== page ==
Things begin to go badly for Jim when he runs into three young people from the island, Mary, Jay and Wyatt who behave in a hostile manner and give chase to him. Jim escapes from them but during the chase, Lux awakens, seeing Jim first and imprinting on him.Gradually Jim comes to realize that this is not Sophie and that he needs to go for help.

Moira eventually realizes that Sophie is playing the part of Lux. She isolates Sophie to try to protect her from Dr. Strauss and sets out to try to find Lux. Nicholas finally manages to meet up with Sophie again and he tells her that he was the first Vitro and that he wants Sophie to help him escape by stealing Corpus' helicopter. However, with Lux and Jim missing,  and Sophie refusing to leave unless Jim is with her, Nicholas' plans are unravelling. As more information is revealed about the dark nature of the experiments going on on Skin Island, Sophie has to come to terms with her connection to the island and try to save her mother and Jim before all is lost.

The story in Vitro is told by three narrators, Sophie, Jim and Lux. The novel could have done without the short narration by Lux - her perspective did not really add significantly to the story.  There are numerous twists to the storyline which at times is convoluted and dragged out. Some situations stretched credibility enormously. Can we really believe that a seventeen year old girl who receives a mysterious email from her mother whom she rarely sees, simply leaves home and travels by herself to learn what has happened without any input from her father? In a situation eerily similar to the Nazi death camps, we learn that the research facility has showers that serve as gas chambers. As well, the entire compound has numerous cannisters of hydrogen cyanide gas underneath it. Dr. Strauss at one point decides to kill all the Vitros by exposing them to hydrogen cyanide gas. This scene was not written realistically in any way,  since Jim and Lux would have had to have been treated with a cyanide antidote which did not happen in the novel. They would have been in no shape to participate in the events that followed having suffered from extreme cyanide poisoning.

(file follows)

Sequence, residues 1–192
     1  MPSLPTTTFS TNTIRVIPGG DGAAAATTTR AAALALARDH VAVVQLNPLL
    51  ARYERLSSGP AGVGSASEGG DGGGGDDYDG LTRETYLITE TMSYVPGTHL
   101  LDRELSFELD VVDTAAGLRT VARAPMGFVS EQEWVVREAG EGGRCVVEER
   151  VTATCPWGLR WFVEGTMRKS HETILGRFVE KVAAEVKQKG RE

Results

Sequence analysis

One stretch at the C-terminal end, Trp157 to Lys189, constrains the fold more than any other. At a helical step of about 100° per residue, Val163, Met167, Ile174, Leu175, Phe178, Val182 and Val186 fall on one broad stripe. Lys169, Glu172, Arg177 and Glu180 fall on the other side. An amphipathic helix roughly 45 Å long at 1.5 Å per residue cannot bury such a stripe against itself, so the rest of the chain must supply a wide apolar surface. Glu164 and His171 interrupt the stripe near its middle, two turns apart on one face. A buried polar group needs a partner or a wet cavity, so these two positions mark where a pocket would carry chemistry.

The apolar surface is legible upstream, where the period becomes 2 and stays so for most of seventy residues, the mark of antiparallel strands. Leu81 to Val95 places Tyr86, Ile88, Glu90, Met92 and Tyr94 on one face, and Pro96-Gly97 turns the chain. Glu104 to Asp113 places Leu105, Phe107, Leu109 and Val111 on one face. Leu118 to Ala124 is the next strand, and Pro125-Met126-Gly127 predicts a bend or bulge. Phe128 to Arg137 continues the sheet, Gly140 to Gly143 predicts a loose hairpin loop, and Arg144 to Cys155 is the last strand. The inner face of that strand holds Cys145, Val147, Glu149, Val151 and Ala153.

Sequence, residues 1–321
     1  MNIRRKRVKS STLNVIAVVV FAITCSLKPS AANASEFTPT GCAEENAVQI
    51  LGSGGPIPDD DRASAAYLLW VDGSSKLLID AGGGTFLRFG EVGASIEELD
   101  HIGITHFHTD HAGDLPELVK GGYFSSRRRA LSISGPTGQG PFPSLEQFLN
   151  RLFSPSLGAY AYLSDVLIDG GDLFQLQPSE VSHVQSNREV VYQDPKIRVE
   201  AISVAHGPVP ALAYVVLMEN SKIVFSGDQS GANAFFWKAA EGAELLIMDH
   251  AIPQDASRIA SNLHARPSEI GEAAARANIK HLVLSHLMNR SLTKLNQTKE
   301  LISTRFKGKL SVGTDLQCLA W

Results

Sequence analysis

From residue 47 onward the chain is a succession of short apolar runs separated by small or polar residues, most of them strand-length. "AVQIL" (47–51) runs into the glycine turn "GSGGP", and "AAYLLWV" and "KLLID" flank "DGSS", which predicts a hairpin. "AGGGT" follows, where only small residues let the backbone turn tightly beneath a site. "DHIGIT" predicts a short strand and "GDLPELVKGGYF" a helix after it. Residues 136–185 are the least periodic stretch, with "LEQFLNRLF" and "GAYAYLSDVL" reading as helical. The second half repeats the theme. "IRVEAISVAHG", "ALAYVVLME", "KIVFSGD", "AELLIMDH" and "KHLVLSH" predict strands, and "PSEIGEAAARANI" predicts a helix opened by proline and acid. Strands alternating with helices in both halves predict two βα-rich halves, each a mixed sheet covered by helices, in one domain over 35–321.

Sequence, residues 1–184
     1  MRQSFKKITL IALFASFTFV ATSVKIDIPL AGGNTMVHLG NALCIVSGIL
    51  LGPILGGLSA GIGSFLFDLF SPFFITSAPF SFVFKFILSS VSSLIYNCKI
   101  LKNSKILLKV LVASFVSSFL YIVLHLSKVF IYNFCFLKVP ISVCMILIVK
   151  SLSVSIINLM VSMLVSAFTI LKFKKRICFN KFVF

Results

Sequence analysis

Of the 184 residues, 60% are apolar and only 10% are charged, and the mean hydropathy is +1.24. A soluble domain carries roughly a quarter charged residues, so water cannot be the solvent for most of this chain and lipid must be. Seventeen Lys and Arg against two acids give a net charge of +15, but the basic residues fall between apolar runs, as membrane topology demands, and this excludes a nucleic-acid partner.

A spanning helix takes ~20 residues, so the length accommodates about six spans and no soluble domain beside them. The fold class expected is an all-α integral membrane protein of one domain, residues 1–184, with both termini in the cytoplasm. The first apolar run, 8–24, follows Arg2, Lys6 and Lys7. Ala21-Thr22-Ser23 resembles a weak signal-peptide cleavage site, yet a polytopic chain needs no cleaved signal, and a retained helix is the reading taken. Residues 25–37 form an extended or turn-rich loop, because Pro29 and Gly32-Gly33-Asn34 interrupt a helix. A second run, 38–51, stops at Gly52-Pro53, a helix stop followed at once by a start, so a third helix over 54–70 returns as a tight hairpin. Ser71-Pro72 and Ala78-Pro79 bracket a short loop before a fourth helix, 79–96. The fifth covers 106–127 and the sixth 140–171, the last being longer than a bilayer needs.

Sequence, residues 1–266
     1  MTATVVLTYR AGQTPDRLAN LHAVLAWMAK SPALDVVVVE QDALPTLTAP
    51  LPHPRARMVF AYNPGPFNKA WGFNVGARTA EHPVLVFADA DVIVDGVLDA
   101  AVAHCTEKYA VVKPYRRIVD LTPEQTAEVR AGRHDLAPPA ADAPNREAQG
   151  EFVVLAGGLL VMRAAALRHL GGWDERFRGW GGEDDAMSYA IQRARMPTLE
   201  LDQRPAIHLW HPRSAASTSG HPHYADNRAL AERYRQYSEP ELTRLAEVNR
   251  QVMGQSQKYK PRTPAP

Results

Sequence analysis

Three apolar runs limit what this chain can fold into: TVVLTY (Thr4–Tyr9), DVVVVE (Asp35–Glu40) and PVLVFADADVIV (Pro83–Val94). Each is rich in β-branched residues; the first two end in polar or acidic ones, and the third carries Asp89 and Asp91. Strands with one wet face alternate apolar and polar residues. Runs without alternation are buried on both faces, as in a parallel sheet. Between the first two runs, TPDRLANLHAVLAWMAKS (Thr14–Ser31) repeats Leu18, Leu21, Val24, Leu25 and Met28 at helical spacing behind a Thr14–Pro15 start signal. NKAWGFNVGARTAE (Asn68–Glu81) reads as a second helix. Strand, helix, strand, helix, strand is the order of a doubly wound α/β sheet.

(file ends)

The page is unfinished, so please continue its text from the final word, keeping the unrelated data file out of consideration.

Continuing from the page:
Although this is science fiction, Vitro is more action-adventure than anything else. The stuff Jim endures is most remarkable and reads more like a Hollywood action film; a crash landing, rolling his plane by himself into the sea, numerous chases, a fall off a cliff into a lagoon, an explosion in his plane when he tries to leave the island, a swim back to Skin Island,  poisoning by hydrogen cyanide and an explosion that throws him into the sea. All this makes Vitro overly dramatic and at times, tiresome.

Because the story was more action based, we learn little about the characters other than Sophie and her mother. Jim who was a main character in the novel was mostly a one dimensional hero whose function is primarily to provide Sophie with a means of escape from the island.

Vitro has a great cover but is no match for Khoury's first novel, Origins.

Book Details:
New York: Razorbill a Division of Penguin Young Readers Group
357 pp.